Meanwhile I hope you are all keeping well! Share what you are up to if you feel like it. As I am writing I should have been in Munich helping my brother celebrate his 80th birthday.
All the best,
Michael Good Friday 2020IMG_0741.jpg

Closing the Bakery

We had planned to bake this week and have a bakery lunch to become as safe as possible with the coronavirus – but veents overtook us and we realised we had to close the bakery straight away. Michael had got a lot of flour in so he decided to do a lone bake, as the safest way to do it, and work his way through all the flour. In the end he did get a bit of help from me, Arezoo and Mehdi but mostly did it on his own and baked 200 loaves. The oven broke down so we had to do them in our smaller oven in our kitchen but we made it. We bagged everyone’s bread up to avoid unnecessary contact and had loads extra that people could take too. We collected money for the foodbank only this time and raised more htan ever – £115 – which may help a little…though it’s dire times for people in need – homeless, refugees etc.

Lets hope we can open again soon. Love to everyone

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Here’s our bread note for today

Bread text 18-03-2020

 

Hi all, well, we thought we’d have to close the bakery at some point but never imagined it would be due to a virus and needing to minimise social contact! What crazy and sad times we are in and it is perhaps a wake up call to the world to travel less, do more locally and wash our hands more! Michael has valiantly – and nearly single handedly – made many many loaves of four different varieties – rye/spelt/plain and granary and we hope you will enjoy them, freeze some for the future and bake your own too. Arezoo and Mehdi and I helped this morning to ensure it could all be done by this evening. In the middle of the process, of course, the oven stopped working so the bread has had to be completed back in our kitchen where it all started, all those years ago!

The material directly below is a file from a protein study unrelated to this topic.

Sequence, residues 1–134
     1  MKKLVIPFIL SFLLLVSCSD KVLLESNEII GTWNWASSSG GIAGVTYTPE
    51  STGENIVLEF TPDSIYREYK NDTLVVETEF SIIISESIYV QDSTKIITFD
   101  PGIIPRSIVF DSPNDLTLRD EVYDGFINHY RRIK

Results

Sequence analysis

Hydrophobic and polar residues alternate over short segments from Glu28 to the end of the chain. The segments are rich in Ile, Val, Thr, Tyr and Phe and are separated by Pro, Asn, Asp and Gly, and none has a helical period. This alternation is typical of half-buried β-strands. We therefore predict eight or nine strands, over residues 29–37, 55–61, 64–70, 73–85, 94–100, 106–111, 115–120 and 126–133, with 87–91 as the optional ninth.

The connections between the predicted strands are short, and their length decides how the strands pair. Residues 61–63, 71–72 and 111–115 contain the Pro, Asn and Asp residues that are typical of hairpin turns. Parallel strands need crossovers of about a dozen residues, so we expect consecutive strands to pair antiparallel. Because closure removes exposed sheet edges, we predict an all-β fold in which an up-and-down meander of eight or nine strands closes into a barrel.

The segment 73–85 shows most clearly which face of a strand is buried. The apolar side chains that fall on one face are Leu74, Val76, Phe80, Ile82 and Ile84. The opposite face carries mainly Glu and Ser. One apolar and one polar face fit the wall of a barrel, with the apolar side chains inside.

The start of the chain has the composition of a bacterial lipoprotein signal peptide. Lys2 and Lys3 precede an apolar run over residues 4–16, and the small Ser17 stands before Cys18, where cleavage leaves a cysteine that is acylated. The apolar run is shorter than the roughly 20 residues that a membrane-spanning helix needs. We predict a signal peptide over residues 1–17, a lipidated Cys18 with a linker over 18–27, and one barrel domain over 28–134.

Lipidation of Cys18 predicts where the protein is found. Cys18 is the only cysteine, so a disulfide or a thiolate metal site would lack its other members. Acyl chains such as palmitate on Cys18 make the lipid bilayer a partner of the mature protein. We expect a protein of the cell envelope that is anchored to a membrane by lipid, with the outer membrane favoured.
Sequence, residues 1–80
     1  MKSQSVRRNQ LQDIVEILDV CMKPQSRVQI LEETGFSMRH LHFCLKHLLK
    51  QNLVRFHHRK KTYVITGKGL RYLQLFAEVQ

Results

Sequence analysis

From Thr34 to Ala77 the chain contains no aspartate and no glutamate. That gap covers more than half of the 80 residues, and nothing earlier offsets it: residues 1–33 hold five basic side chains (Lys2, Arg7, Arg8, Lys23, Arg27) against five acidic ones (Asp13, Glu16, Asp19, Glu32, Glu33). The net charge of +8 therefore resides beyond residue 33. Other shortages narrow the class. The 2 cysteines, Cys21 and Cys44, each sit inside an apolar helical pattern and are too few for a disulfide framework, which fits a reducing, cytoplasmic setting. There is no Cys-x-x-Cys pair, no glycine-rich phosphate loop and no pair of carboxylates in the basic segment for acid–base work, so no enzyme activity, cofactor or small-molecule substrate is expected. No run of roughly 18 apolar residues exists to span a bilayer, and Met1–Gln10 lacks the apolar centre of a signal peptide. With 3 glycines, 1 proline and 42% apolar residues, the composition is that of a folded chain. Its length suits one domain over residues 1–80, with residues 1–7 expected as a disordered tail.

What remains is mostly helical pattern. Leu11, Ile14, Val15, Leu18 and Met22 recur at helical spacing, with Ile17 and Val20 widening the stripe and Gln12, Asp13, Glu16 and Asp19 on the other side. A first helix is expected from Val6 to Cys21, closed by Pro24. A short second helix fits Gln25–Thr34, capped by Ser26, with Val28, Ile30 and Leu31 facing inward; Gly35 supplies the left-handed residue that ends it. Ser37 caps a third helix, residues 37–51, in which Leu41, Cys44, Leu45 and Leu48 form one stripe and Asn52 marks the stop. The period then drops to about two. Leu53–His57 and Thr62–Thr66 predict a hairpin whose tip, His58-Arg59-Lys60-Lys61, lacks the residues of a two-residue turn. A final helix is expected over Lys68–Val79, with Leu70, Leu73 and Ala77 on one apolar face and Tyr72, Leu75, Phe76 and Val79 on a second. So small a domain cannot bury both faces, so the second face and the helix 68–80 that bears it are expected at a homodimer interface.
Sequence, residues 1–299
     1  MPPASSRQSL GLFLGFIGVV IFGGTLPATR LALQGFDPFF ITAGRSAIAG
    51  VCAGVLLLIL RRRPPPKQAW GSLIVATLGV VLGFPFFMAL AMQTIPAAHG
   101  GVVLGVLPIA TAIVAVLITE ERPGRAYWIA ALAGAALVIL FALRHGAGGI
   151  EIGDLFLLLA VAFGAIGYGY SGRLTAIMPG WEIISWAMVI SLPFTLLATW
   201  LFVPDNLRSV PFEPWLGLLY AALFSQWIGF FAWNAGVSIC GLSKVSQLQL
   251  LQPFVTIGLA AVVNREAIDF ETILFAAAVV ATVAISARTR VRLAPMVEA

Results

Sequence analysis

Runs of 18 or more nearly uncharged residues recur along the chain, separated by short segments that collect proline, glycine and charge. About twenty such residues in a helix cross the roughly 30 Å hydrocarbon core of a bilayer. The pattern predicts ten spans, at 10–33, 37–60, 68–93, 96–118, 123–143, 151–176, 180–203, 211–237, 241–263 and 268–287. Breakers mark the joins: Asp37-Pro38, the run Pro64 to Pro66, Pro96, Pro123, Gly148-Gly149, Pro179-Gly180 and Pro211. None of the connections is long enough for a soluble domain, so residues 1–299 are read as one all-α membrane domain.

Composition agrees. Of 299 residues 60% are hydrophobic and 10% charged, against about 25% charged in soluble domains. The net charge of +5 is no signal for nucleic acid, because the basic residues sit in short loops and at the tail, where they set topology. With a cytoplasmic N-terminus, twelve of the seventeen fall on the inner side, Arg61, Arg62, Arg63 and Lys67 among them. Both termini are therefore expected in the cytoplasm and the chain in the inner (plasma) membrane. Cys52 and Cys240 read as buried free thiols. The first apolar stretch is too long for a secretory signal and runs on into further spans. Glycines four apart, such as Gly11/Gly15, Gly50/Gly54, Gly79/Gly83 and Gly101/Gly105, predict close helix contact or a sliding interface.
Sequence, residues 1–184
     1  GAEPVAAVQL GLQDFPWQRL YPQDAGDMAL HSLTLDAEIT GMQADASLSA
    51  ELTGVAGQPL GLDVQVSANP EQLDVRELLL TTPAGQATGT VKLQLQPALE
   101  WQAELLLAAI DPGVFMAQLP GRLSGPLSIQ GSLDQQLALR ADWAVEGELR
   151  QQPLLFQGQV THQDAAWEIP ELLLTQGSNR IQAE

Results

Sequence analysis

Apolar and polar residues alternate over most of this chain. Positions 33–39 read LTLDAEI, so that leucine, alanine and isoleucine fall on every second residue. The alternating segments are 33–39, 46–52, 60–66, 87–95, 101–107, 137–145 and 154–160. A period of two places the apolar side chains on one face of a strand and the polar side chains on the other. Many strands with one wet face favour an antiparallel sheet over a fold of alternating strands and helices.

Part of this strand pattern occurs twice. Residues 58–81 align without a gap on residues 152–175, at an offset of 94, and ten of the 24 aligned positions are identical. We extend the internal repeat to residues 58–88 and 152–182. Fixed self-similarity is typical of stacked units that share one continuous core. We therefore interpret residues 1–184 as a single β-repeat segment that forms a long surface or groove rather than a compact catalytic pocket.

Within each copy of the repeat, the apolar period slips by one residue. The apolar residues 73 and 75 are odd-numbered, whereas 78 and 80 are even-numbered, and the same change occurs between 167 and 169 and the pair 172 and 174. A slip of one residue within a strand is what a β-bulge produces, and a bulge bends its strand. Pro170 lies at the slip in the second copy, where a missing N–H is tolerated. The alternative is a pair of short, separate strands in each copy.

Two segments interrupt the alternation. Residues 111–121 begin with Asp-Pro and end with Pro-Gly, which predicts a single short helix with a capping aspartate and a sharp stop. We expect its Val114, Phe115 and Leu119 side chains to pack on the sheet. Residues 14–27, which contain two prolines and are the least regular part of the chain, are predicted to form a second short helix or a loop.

We are relocating to Wales for a bit and hope to be back to baking and socialising in a few weeks or whenever the country settles down again.

All left over flour will be bagged and given to people along with sourdough starter for those that requested it.

 

Enjoy your bread and your time at home doing all those things you never had time to do! love Julia (& Michael)